Written by Alyssa Walker

You have a lot of choices when it comes to studying English. Why would you choose to study in English where English isn't the main language? 

Believe it or not, it's more common than you think, and while there are some big plusses, there are also some serious drawbacks.

A 2016 article in the BBC highlighted a study that found over 8,000 courses taught in English by leading universities in non-English countries. Not only do these courses attract international students seeking education in English, but domestic students who also want to study in English. 

France is one such country that has upped the numbers of English courses. As reported in a recent article in France 24, French Prime Minister Édouard Philippe said increasing the number of international students in the country would boost France's influence and reputation. Offering more courses in English could well prove a good way of doing so. 

If you are considering a study abroad option and want to study only in English,  here's what you need to know about studying in a country where English isn't the primary language. 

1. You'll experience the culture and language of a new place while earning a degree in English

If you want to experience a culture completely different from your own but still earn a degree in English, you can. English programs in Germany, the Netherlands, Sweden, and China, to name but a few, offer students the chance to travel and experience another culture.

You will return fluent in English, whether or not you were in the first place, with insight into your country's local language, customs, culture, and pace of life. 

When people are actively more open to new experiences, says says Scientific American, it leads to creative thinking, curiosity, imagination, and authentic experiences. 

2. You will be with a diverse group of students

In a US News and World Report article, staff writer Kelly Mae Ross explains that the demand among both domestic and international students for English-taught programs is high. 

Ross cites the Schwarzman Scholars program, a one-year master's at Tsinghua University in China. The program's 111 accepted students come from 32 countries -- 44 percent of whom from the US, 21 percent from China, and 35 percent from the rest of the world. Programs taught in English attract diverse groups of students. 

3. Studying English in a non-English speaking country is challenging

You will likely have to navigate at least two languages. If you speak neither English nor the local language, you're dealing with three.

Not only will you have to have enough English to excel in class, but you will probably also have to have some basic understanding of the local language to get around. At the very least, speaking the local language can help significantly in making a good impression on people in the country. This can be true even if your efforts are far from perfect! The fact that you are making the effort to fit in is often very much appreciated.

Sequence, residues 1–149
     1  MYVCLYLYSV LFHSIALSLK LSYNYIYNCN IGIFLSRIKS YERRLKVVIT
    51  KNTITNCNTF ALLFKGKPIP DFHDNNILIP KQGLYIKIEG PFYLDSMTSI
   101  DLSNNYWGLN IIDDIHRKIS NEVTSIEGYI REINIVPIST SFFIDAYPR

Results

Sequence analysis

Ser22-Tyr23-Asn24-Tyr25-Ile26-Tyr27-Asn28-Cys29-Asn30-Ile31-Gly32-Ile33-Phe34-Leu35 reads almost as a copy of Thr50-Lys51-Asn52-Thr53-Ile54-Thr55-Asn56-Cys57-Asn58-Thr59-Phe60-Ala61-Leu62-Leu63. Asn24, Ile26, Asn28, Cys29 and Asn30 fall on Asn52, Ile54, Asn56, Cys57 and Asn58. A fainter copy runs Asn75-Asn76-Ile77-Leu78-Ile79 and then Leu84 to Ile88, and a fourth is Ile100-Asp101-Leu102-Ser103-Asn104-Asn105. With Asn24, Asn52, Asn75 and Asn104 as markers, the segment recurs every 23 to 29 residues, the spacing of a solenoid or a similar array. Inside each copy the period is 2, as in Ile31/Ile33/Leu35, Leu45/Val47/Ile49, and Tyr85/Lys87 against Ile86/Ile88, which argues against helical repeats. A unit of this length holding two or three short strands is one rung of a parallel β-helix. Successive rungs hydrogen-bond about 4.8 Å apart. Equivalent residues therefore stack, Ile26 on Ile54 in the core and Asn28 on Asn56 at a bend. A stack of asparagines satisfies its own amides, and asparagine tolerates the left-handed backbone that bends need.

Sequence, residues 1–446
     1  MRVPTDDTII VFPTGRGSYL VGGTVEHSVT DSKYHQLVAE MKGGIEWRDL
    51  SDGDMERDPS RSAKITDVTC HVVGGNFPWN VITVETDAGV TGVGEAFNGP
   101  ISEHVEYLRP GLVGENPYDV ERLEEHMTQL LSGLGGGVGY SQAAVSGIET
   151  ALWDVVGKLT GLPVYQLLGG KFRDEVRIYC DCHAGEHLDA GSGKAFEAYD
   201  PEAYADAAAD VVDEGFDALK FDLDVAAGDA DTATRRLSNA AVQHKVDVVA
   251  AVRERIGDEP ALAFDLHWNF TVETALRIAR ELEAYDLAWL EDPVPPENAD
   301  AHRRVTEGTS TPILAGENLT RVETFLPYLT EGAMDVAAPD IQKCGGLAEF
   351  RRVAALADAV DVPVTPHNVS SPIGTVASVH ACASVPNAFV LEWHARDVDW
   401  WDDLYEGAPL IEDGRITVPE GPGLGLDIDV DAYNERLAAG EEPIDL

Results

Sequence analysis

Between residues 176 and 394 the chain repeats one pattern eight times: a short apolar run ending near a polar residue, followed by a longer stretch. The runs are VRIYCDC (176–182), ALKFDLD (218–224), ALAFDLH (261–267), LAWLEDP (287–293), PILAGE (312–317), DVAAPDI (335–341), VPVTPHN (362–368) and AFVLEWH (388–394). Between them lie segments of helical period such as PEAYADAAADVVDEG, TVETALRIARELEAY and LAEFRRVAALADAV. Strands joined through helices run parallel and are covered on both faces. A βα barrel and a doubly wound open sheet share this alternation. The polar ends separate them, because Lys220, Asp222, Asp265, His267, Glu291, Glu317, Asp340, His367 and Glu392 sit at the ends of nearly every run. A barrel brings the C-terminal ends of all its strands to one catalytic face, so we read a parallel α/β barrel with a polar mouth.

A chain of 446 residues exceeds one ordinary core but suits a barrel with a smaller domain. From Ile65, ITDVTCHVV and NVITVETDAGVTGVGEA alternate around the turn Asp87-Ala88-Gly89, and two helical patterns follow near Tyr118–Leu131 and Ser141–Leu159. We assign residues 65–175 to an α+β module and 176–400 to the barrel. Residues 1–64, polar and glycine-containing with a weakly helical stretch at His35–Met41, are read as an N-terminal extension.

4. It might be harder to stay after graduation if you don't know the local language

If you love studying abroad and have your sights set on staying a bit after you graduate, you will need to make yourself stand out. One clear way to do that? Language.

If you don't have a working command of the local language, you may have a hard time getting a visa and it is likely you will encounter difficulties finding a job in your host country.

So work on that language acquisition if you have plans of staying on in the country after your studies. 

5. Classes in English in a non-English speaking country may lack clarity

Although the lecturer or professor may be an expert in the field, if their English is not good enough, your study experience could be challenging. Do some research. Find out who's teaching your courses and how often. 

Some lecturers and professors do not necessarily feel that it is their job to help students in English-only programs with their English, but merely to deliver the course in English. This does not help English language learners.

Pay attention. If most of the faculty lecture in English as a second language, find out their proficiency and whether you will be able to learn in their class -- or whether you'll flounder a bit. Ask yourself: is your goal to learn English or learn the subject?

There's a lot to consider when it comes to making the decision to study abroad in English in a non-English speaking country. While there are some pitfalls, there are lots of opportunities for learning, growth, and reflection. 

ArticleEducationStudy AbroadStudent Tips
Alyssa Walker is a freelance writer, educator, and nonprofit consultant. She lives in the White Mountains of New Hampshire with her family.
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